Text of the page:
Every new microscandal in the Labour antisemitism furore has been like this, every single one, for four pointless years; either exaggerated or contrived or inconsequential. In the very first broadside, back in 2016, it was revealed that the Labour MP Naz Shah had once shared a joke image on Facebook calling for Israel to be relocated to the United States. For this, her parliamentary colleagues compared her to Eichmann. The image had originated with Professor Norman Finkelstein, who is (of course) a Jew and the child of Holocaust survivors. No matter. Let’s try again. The next furore involved Oxford University Labour Club, where it was alleged that left-wing members had encouraged a hate campaign against Jewish students, following them around campus and shouting ‘dirty Zionist.’ If true, this would have been reprehensible – but it wasn’t true. Someone lied. An investigation found that nothing of the sort had ever occurred. No matter. On to the next one.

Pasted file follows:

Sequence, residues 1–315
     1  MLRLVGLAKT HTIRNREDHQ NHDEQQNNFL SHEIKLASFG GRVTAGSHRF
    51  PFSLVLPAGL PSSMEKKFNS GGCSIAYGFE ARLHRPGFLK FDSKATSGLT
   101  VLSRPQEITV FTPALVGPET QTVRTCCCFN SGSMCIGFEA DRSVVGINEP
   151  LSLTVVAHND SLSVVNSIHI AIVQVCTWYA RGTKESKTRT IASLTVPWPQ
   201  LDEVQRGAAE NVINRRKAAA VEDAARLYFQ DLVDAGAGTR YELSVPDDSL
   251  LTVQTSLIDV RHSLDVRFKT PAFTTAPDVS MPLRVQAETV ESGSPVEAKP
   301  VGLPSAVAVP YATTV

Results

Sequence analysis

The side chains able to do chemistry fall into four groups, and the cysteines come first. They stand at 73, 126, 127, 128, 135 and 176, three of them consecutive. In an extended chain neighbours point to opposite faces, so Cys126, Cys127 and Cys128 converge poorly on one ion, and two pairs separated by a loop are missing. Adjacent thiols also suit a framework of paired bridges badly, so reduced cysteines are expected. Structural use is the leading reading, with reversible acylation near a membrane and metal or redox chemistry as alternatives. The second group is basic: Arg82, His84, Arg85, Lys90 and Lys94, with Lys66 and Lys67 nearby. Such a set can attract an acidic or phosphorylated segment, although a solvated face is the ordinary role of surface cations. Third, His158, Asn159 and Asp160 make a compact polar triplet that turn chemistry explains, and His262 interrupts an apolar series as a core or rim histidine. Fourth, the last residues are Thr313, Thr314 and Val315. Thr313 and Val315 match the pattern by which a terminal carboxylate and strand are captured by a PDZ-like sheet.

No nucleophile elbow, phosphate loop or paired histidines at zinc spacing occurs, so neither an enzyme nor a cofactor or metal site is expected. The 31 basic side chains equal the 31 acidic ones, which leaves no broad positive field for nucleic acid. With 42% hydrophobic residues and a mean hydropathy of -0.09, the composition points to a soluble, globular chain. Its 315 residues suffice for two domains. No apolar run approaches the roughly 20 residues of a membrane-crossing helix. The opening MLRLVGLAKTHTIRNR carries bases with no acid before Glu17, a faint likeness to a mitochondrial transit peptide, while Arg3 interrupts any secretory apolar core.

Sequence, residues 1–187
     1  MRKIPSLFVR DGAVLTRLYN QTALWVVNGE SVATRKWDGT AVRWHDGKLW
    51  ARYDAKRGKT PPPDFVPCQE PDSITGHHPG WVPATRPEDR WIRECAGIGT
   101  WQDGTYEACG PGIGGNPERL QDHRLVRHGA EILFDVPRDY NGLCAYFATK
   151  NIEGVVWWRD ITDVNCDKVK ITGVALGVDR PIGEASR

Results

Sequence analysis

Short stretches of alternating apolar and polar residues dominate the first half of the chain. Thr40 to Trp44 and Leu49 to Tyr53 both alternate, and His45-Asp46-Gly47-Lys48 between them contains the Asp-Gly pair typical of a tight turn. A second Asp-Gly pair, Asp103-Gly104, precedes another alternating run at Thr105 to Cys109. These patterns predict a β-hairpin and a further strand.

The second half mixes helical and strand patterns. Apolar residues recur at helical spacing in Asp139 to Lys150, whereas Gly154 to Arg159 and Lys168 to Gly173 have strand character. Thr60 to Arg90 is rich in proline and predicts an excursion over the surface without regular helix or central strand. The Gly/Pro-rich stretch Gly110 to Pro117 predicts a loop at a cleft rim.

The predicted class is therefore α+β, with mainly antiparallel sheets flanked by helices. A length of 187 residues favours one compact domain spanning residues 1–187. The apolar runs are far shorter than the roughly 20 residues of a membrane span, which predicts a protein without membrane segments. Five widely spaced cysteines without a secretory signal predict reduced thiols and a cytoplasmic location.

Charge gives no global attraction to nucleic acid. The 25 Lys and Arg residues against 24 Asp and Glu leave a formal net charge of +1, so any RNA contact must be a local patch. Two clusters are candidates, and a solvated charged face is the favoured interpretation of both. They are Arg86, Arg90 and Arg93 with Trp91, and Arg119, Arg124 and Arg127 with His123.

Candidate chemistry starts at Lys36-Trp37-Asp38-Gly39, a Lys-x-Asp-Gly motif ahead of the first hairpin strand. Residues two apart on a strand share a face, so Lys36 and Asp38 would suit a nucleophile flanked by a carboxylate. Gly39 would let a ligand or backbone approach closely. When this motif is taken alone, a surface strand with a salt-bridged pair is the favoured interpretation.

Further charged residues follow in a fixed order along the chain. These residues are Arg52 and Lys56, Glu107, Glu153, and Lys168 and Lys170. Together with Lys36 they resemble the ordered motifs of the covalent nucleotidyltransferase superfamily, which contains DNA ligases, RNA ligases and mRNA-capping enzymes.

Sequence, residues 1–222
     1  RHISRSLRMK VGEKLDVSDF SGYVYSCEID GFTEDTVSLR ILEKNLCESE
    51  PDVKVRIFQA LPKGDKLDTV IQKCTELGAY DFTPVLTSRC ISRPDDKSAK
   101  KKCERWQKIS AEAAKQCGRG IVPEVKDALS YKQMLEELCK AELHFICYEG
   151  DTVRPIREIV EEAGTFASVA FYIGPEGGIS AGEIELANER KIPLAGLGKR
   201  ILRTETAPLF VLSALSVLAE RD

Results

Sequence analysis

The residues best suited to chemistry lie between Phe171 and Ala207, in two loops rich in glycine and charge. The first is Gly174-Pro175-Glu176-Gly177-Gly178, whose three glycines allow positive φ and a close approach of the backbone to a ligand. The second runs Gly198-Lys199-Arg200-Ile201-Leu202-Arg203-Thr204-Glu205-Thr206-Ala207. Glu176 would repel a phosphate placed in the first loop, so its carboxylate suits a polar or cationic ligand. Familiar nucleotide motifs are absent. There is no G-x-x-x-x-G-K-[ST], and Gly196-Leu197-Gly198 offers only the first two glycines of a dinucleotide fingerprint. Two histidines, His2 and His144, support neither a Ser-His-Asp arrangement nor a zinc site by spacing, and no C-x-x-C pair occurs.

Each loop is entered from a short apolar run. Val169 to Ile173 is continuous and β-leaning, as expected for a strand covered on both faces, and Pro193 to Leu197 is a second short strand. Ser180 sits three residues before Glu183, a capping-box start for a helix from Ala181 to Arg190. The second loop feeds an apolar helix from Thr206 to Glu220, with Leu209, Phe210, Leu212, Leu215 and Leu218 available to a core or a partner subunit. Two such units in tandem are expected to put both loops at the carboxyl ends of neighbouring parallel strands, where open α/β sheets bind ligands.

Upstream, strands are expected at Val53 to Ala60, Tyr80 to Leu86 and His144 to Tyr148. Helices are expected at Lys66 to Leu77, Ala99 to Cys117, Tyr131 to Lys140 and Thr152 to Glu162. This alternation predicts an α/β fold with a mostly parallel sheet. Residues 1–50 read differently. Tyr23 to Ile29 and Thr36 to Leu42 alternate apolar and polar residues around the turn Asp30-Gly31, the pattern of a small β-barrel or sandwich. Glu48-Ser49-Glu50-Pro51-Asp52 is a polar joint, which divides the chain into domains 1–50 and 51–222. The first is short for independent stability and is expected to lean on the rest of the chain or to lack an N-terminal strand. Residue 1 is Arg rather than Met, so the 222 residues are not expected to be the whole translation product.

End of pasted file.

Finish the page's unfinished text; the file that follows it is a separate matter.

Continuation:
At the launch of the Chakrabarti inquiry, the veteran anti-racist campaigner Marc Wadsworth – who helped found the campaign for justice for Stephen Lawrence – witnessed a Daily Telegraph journalist handing one of his press releases to the Labour MP Ruth Smeeth. He commented that right-wing politicians and the right-wing press were working ‘hand in hand,’ which they were. Somehow, this turned into ‘hand in glove.’ Suddenly, he was insinuating that Jews control the media. Drivel, but he was still expelled from the party. Wandsworth claims that he wasn’t even aware that Smeeth was Jewish, and I believe him. Minor MPs tend to believe very strongly in their own importance, but there are hundreds of them, and outside of their constituencies most people – veteran campaigners included – don’t have a clue who they are. No matter. On to the next one. In 2017, a fringe event at the Labour party conference featured a speaker who was reported as having said that ‘this is about free speech, the freedom to criticise and to discuss every issue, whether it’s the Holocaust: yes or no, Palestine, the liberation, the whole spectrum.’ Shadow ministers lined up to denounce this terrible antisemitism. Does it matter that the speaker was one Miko Peled, an Israeli Jew and IDF Special Forces veteran, and the grandson of a signatory to Israel’s declaration of independence? Of course not. On to the next, and the next, and the next.